By Irwin Army Community Hospital Public AffairsMay 9, 2008
FORT RILEY, Kan. - Fort Riley's Warrior Internship Network is well into its pilot stage. The WIN program, a home-grown concept developed at Fort Riley, focuses on Soldiers in the Warrior Transition Battalion to find them job internships within the Greater Fort Riley Community.
The WIN is a cooperative effort between the Soldier and Family Assistance Center, Irwin Army Community Hospital, the WTB and the Welcome Home to Heroes Foundation in Junction City, Kan. Soldiers in the WIN are placed as unpaid interns in approved businesses to experience different vocations and give them practical experience in securing employment-a tool for Soldiers who plan to exit military service.
Soldiers with an interest in the WIN program begin their various screenings at the SFAC. They are administered the Campbell Interest and Skill Survey. The CISS measures individual's attraction for specific occupational areas, and provides an estimate of the individual's confidence to perform various occupational activities.
Simultaneous to the CISS, the Soldiers are screened by an occupational therapist and must undergo several levels of command endorsement before being approved for the WIN. Once the Soldiers are approved, and their vocations have been identified, they are considered for business placement.
The prospective businesses and work sites also undergo screenings by the WHHF and OT technicians. "The workplaces and the Soldiers have to be mutually right for each other," said Tom Kelly, guidance counselor for the SFAC. "The businesses must be safe, ergonomically sound and provide a positive work experience based upon a good match with a Soldier intern," Kelly said.
Placement into prospective businesses requires a memorandum of understanding between the business and the WIN director. The MOU outlines a two-week immersion period at the start of an internship, with weekly evaluations. The businesses may have to consider the Soldiers' physical or mental capabilities, social interaction and communication levels. The MOU also covers work scheduling, duration of the internship, background checks and the Soldier's medical appointment schedules.
Some of the current business vocations in the network in the Greater Fort Riley Community are construction engineering; bio-medical maintenance and medical receiving; fitness programs and massage therapy; motorcycle, automobile and airplane mechanics; automated billing; wildlife conservation and management; and broadcast and radio operations.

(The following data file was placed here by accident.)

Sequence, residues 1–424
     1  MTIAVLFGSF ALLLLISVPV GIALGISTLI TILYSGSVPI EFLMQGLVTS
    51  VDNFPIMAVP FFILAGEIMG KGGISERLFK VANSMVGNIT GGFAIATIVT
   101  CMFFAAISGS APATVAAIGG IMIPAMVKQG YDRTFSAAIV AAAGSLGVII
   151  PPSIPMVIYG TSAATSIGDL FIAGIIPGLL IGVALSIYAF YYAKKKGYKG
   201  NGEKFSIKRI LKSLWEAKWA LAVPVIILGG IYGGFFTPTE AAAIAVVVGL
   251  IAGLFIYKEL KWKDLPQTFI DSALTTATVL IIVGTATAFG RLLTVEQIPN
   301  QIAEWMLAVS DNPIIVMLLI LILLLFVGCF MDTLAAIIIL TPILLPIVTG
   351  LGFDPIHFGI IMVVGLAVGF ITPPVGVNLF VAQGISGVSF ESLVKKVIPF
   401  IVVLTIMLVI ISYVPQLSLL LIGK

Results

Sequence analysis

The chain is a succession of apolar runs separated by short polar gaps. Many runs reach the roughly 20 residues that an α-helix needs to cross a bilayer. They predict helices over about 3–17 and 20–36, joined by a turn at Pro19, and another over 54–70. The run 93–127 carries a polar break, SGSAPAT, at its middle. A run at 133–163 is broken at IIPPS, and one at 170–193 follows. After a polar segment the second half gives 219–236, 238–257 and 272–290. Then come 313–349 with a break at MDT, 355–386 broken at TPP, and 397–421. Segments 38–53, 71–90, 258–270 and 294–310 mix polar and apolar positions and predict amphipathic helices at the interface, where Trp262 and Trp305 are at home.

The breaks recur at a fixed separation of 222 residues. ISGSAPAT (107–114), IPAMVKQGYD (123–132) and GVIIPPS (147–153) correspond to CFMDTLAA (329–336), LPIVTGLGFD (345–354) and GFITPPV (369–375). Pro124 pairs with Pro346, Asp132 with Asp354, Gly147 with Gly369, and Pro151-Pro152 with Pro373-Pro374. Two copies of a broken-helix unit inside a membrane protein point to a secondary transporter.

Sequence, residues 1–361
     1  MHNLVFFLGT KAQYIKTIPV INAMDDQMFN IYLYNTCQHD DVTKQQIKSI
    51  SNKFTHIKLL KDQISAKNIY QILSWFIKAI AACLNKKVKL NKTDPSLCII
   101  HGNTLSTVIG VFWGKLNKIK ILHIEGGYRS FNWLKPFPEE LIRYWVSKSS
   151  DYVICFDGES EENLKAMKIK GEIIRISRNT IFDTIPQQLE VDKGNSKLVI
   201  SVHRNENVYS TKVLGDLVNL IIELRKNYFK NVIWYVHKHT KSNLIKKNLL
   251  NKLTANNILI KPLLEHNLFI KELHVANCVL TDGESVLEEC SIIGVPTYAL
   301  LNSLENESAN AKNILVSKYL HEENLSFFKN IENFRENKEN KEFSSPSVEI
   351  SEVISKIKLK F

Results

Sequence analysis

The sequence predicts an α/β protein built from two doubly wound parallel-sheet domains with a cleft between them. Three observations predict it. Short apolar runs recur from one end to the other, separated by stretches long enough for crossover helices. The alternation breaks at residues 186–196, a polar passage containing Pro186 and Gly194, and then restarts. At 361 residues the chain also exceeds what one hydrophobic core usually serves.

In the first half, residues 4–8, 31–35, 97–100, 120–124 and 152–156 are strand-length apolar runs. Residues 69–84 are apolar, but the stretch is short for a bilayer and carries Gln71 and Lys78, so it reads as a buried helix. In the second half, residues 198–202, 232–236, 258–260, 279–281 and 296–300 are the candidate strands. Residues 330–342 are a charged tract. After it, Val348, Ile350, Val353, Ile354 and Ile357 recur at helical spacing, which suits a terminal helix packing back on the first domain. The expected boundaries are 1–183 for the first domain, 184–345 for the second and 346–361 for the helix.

The WIN is different from the Army Career and Alumni Program in that Soldiers employ their skills in resume writing and interviewing and actually go to work. The program is meant to reduce the level of uncertainty and stress associated with exiting the military.
"The WIN provides a mutually positive opportunity for the Soldiers and the community," said Col. Lee Merritt, commander of Fort Riley's WTB. "This is Fort Riley stepping out to do right by our injured and ill Soldiers, and this benefits the Greater Fort Riley Community by putting valuable Soldier skills, experience and discipline assets into the local business community," he said.
There currently are 53 Soldiers interested in the WIN; 31 have begun the screening and endorsement process and seven have been placed in job-shadow internships. The WHHF and WIN director are engaged in negotiations with 36 businesses that have specific interest in providing intern opportunities for Soldiers.
"Getting the program off the ground has been a work in progress," Merritt said. "We worked with legal advisors to address workers' compensation insurance for the Soldiers while also protecting the businesses. There are also overhead costs incurred by the Welcome Home to Heroes Foundation, and Greater Fort Riley Community businesses have made the contributions to make this program work," Merritt said.
"This is the best thing the Army has ever done," said Sgt. John Iaukea, a tank mechanic who interns at Geary Community Hospital. Iaukea also said that filling his days with productive, meaningful work is much better than dwelling on his injuries and reduced physical abilities.
First Lt. Mike Stewart, who has 17 years in the Army, said he considers the WIN program invaluable for young Soldiers who have never experienced anything other than the U.S. Army. "They have the opportunity to explore other career fields and make career adjustments, and still have the Army to fall back on," Stewart said.